“M” is for May and Minestrone
Post Date
30th May 2014
“M” is for May and Minestrone

As glorious as the summer has been, there is no need for hearts to grow cold in the month of May, knowing that winter is a mere handful of weeks away.

According to Just Another Mother blogger, Rowena Newman, the slow-moving, slow-cooking days of late autumn offer some of the finest family moments on the calendar.

I used to think of May as the invisible and forgotten month, the month for which nothing really springs to mind.

January always sits so easily at number 1; igniting the senses with sweaty sunscreen, swimming pools and sausage sizzles. February is the ecstasy of getting two kids back to school. 

At number 7, July races onto the footy field at the start of the second half, all wrapped up in fleeces and muddy footy boots.  And August really is a fat lady at number 8; struggling up heart-break hill and full of anticipation for the downhill run onto Bondi Beach and into summer.  

But now, when I think of May, I am lying on my couch on Mother’s Day.  The sun is streaming in through the closed patio doors and I can see the autumn leaves gently falling onto the deck outside. 

The air is clear and there isn’t single cloud.  It’s warm inside. Instead of the interminable loop of the Frozen sound-track, my music that is playing (it is Mother’s Day after all) and the children are playing quietly and happily. 

We are all healthy. We are all happy. And a batch of minestrone is brewing in the slow cooker.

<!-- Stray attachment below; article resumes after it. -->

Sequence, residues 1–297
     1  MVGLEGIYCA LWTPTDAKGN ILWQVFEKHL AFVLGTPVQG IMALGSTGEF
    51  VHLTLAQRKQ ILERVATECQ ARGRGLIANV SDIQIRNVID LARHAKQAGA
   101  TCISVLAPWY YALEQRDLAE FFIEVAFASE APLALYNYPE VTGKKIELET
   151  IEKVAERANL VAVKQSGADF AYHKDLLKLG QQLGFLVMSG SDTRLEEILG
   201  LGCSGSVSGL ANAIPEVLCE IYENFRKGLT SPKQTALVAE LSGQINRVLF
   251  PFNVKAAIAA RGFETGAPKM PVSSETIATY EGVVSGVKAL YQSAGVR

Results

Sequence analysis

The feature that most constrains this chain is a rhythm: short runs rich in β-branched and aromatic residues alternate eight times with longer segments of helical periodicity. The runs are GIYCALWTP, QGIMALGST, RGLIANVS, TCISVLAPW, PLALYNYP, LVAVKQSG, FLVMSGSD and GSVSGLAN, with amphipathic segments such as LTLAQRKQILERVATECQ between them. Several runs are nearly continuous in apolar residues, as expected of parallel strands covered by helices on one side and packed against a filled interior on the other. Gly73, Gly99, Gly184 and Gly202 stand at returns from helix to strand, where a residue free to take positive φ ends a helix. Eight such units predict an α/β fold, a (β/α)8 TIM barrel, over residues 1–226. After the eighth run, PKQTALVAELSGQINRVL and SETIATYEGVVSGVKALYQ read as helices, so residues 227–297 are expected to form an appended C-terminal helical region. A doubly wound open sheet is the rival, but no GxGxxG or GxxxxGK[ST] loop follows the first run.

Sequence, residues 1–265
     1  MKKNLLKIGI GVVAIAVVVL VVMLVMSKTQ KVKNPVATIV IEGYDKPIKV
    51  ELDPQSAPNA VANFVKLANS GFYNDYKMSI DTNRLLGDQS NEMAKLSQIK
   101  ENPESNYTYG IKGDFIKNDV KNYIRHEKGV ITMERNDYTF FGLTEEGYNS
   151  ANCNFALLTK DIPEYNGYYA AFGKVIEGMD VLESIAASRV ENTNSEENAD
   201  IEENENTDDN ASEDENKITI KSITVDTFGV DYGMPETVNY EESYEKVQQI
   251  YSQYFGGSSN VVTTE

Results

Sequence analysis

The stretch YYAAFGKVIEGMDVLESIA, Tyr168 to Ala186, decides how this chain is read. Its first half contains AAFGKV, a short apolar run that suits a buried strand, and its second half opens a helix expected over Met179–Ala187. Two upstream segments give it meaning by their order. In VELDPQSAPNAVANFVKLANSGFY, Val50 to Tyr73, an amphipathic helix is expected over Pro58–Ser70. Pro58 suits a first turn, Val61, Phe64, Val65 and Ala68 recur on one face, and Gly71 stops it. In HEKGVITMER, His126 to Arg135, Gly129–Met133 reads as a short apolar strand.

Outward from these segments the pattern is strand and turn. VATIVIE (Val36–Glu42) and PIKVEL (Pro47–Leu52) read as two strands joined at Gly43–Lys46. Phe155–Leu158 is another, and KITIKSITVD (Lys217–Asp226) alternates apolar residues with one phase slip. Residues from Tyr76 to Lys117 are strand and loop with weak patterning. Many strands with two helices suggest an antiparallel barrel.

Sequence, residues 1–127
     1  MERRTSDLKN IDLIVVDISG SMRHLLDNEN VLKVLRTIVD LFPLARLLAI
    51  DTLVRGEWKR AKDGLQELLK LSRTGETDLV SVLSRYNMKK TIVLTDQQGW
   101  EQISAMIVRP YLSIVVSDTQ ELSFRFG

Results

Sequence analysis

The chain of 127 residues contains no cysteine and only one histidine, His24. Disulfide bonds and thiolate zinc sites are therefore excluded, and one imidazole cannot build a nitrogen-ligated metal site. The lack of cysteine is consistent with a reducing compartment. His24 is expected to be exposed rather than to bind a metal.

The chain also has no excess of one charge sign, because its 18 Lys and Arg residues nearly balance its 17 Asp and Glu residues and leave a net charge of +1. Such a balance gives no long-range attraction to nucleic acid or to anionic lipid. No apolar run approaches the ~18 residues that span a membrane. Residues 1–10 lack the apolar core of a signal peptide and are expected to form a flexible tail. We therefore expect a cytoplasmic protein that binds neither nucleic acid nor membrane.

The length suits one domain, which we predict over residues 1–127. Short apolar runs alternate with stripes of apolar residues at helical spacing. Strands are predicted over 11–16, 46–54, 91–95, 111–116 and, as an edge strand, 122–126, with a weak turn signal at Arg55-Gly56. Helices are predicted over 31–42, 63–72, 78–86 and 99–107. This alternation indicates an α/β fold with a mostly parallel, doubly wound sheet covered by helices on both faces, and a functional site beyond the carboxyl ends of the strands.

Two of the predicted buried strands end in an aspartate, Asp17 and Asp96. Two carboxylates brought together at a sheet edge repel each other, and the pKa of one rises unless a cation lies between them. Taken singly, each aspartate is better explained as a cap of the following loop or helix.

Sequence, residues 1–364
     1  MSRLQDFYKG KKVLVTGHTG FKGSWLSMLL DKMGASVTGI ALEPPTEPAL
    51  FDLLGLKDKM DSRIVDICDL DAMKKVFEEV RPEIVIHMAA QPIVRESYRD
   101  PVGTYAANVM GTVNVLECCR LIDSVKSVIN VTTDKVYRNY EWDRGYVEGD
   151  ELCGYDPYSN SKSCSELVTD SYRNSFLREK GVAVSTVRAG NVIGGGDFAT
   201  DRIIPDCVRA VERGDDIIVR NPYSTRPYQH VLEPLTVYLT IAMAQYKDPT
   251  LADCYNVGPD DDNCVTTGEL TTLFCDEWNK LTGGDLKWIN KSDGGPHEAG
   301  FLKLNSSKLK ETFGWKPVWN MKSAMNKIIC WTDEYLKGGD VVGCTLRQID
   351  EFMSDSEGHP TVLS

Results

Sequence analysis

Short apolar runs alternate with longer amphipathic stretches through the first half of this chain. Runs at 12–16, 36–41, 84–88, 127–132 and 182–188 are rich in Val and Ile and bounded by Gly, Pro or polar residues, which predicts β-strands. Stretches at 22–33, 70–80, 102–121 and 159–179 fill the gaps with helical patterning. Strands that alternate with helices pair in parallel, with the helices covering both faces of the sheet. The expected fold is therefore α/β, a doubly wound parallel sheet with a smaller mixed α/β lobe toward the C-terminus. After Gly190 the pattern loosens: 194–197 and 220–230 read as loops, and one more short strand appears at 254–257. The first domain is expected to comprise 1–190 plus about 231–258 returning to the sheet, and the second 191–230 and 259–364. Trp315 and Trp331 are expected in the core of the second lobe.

Minestrone, and all its slow-cooking cousins, are a life source in these cooler months, delivering bucket-loads of vegie-power in every spoonful (or so it seems). And that surge of healthy nutrients is just what we need to help stave off the winter ills. 

Did you know that most adults will get two or three colds a year, while kids can get up to ten? Each!

Apparently children cop the worst of it because they don’t have the immunity to cover the 100-plus different cold viruses in circulation.

Of course, minestrone isn’t the only defence against winter sniffles. Regular exercise helps too, and we really make an effort to be as active as we can. 

Proper hand-washing is so important to stop the spread of germs when someone in the family comes home with a cough or runny nose.

And while there’s no scientific evidence just yet, my personal hypothesis is that flannelette pyjamas by 5pm on Sunday night have a very protective effect…

But for sheer, feel-good, heart-warming, belly-filling winter goodness, it’s hard to go past a big old bowl of Minestrone.

  • 1 cup Italian Soup Mix dried bean combination
  • 3 tbs rice bran oil
  • 2 brown onions chopped
  • 2 cloves garlic crushed
  • 3 rashers bacon rind removed and chopped
  • 400g can chopped Italian tomatoes
  • 8 cups vegetable stock
  • 1 tsp fresh marjoram
  • ½ teaspoon fresh thyme
  • 2 carrots peeled and chopped
  • 2 potatoes or 1 swede peeled and chopped
  • 1 parsnip peeled and chopped
  • 2 sticks celery chopped
  • 4 zucchini
  • 1 cup of small shell pasta (optional)
  • Freshly grated parmesan
  • Fresh parsley to garnish

Heat oil in a large saucepan; add onions, garlic and bacon and sauté for a few minutes.  Add tinned tomatoes, dried beans, stock, marjoram and thyme and bring to boil.  Cover and simmer for a few hours.

Add potato (or swede) carrots, celery and parsnip and cook for another 15 minutes (or longer is no problem either). 

Add zucchini (and pasta) about 10 minutes prior to serving. 

Cook until all the vegetables and beans are tender.  Serve generously with a handful of parmesan and a sprinkle of fresh parsley.

It dawns on me now, that this might be it.  Health, home, family and minestrone. This is quite possibly as good as it gets.

And, with that realisation, I know that I’ve finally caught the essence of this most elusive month. Hi 5 is a moment of bliss and a bowl of minestrone on a sunny autumn day in May.



Rowena- Just Another Mother